Glaucoma

Gülgün Tezel, Martin B. Wax

Research output: Chapter in Book/Report/Conference proceedingChapter

34 Citations (Scopus)

Abstract

Glaucoma is a chronic neurodegenerative disease of the optic nerve, in which apoptosis of retinal ganglion cells (RGCs) and progressive loss of optic nerve axons result in structural and functional deficits in glaucoma patients. This neurodegenerative disease is indeed a leading cause of blindness in the world. The glaucomatous neurodegenerative environment has been associated with the activation of multiple pathogenic mechanisms for RGC death and axon degeneration. Growing evidence obtained from clinical and experimental studies over the last decade also strongly suggests the involvement of the immune system in this neurodegenerative process. Paradoxically, the roles of the immune system in glaucoma have been described as either neuroprotective or neurodestructive. A balance between beneficial immunity and harmful autoimmune neurodegeneration may ultimately determine the fate of RGCs in response to various stressors in glaucomatous eyes. Based on clinical data in humans, it has been proposed that one form of glaucoma may be an autoimmune neuropathy, in which an individual's immune response facilitates a somatic and/or axonal degeneration of RGCs by the very system which normally serves to protect it against tissue stress.

Original languageEnglish (US)
Title of host publicationChemical Immunology and Allergy
Pages221-227
Number of pages7
Volume92
DOIs
StatePublished - 2007

Publication series

NameChemical Immunology and Allergy
Volume92
ISSN (Print)16602242

Fingerprint

Retinal Ganglion Cells
Glaucoma
Optic Nerve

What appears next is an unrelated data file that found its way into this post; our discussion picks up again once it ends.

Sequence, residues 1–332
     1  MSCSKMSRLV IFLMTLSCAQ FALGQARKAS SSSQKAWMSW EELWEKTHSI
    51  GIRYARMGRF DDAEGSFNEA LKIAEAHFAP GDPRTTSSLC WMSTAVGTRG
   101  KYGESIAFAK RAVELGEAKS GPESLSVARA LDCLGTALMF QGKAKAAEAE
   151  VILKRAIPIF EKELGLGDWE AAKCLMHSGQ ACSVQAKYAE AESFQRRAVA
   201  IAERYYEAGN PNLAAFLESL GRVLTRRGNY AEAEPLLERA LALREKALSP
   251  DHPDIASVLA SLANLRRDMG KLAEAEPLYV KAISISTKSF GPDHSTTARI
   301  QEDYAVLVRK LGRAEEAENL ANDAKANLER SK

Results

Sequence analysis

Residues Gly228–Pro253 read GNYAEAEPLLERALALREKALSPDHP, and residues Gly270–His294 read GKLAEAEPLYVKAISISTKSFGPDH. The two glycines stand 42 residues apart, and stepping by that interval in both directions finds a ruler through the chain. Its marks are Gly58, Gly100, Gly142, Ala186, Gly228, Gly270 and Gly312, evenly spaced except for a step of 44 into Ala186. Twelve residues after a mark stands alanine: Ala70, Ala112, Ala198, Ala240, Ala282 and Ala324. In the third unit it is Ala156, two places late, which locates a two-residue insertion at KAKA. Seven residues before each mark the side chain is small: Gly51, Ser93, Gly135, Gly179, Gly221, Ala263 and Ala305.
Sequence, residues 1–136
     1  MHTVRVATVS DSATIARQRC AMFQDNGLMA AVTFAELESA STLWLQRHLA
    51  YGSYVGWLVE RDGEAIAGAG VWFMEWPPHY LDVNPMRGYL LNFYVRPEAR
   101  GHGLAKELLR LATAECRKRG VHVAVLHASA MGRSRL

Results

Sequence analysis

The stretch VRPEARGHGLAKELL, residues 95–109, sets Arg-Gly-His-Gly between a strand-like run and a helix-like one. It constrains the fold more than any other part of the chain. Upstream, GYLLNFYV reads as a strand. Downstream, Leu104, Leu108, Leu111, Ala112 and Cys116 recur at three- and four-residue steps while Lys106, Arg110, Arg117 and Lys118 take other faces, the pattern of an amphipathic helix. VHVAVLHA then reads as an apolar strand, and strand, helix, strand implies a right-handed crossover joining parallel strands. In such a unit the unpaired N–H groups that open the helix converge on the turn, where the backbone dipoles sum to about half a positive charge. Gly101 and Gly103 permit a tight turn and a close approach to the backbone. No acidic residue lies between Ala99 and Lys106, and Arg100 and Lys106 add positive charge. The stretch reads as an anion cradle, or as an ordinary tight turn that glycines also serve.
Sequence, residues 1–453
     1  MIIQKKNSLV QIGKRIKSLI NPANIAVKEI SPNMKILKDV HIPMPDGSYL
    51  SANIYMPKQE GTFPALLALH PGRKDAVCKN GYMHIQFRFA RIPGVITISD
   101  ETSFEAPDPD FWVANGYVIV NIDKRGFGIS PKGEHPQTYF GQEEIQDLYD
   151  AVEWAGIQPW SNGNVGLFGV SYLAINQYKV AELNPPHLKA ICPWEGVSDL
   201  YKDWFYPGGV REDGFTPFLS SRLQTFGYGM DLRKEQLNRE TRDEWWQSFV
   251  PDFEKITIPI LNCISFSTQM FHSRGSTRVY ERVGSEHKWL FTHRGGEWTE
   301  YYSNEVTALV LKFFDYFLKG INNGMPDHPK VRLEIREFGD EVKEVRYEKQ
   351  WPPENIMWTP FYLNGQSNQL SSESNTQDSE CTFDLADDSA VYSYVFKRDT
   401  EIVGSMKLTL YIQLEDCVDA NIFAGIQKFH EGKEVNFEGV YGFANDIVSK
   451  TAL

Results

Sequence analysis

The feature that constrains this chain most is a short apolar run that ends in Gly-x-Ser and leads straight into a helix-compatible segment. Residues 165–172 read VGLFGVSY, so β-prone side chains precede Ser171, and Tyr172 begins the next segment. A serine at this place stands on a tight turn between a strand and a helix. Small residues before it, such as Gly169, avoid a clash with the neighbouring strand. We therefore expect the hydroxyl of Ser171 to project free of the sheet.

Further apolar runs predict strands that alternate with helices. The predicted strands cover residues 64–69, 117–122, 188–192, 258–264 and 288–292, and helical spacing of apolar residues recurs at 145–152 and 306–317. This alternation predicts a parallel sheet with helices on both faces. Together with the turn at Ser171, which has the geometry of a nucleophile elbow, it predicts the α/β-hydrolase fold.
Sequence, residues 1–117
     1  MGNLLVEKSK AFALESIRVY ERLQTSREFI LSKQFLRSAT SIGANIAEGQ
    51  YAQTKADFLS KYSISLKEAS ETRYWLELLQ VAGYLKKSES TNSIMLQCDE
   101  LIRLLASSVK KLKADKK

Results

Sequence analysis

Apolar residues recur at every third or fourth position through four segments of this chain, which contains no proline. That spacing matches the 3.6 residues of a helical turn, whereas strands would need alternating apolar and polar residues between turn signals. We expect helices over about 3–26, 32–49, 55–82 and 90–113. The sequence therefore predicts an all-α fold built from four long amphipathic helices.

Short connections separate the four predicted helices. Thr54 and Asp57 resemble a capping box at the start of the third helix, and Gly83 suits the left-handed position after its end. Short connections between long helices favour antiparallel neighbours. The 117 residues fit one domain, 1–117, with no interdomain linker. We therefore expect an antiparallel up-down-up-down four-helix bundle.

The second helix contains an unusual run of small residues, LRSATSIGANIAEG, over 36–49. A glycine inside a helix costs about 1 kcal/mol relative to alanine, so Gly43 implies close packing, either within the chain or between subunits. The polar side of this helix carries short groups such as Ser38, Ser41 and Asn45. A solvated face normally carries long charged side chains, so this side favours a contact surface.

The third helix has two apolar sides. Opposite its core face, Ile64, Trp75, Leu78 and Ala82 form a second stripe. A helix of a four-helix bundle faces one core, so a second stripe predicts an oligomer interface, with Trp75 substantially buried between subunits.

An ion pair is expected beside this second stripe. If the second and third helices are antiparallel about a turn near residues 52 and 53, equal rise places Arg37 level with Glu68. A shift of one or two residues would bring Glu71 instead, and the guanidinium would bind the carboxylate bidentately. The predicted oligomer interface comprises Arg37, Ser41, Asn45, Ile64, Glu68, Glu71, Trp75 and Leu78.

Neurodegenerative Diseases
Axons
Immune System
Blindness
Immunity
Chronic Disease
Cell Death
Apoptosis

ASJC Scopus subject areas

  • Immunology and Allergy

Cite this

Tezel, G., & Wax, M. B. (2007). Glaucoma. In Chemical Immunology and Allergy (Vol. 92, pp. 221-227). (Chemical Immunology and Allergy; Vol. 92). https://doi.org/10.1159/000099273

Glaucoma. / Tezel, Gülgün; Wax, Martin B.

Chemical Immunology and Allergy. Vol. 92 2007. p. 221-227 (Chemical Immunology and Allergy; Vol. 92).

Research output: Chapter in Book/Report/Conference proceedingChapter

Tezel, G & Wax, MB 2007, Glaucoma. in Chemical Immunology and Allergy. vol. 92, Chemical Immunology and Allergy, vol. 92, pp. 221-227. https://doi.org/10.1159/000099273
Tezel G, Wax MB. Glaucoma. In Chemical Immunology and Allergy. Vol. 92. 2007. p. 221-227. (Chemical Immunology and Allergy). https://doi.org/10.1159/000099273
Tezel, Gülgün ; Wax, Martin B. / Glaucoma. Chemical Immunology and Allergy. Vol. 92 2007. pp. 221-227 (Chemical Immunology and Allergy).
@inbook{d8c92ea8473e496d8eab069f19465180,
title = "Glaucoma",
abstract = "Glaucoma is a chronic neurodegenerative disease of the optic nerve, in which apoptosis of retinal ganglion cells (RGCs) and progressive loss of optic nerve axons result in structural and functional deficits in glaucoma patients. This neurodegenerative disease is indeed a leading cause of blindness in the world. The glaucomatous neurodegenerative environment has been associated with the activation of multiple pathogenic mechanisms for RGC death and axon degeneration. Growing evidence obtained from clinical and experimental studies over the last decade also strongly suggests the involvement of the immune system in this neurodegenerative process. Paradoxically, the roles of the immune system in glaucoma have been described as either neuroprotective or neurodestructive. A balance between beneficial immunity and harmful autoimmune neurodegeneration may ultimately determine the fate of RGCs in response to various stressors in glaucomatous eyes. Based on clinical data in humans, it has been proposed that one form of glaucoma may be an autoimmune neuropathy, in which an individual's immune response facilitates a somatic and/or axonal degeneration of RGCs by the very system which normally serves to protect it against tissue stress.",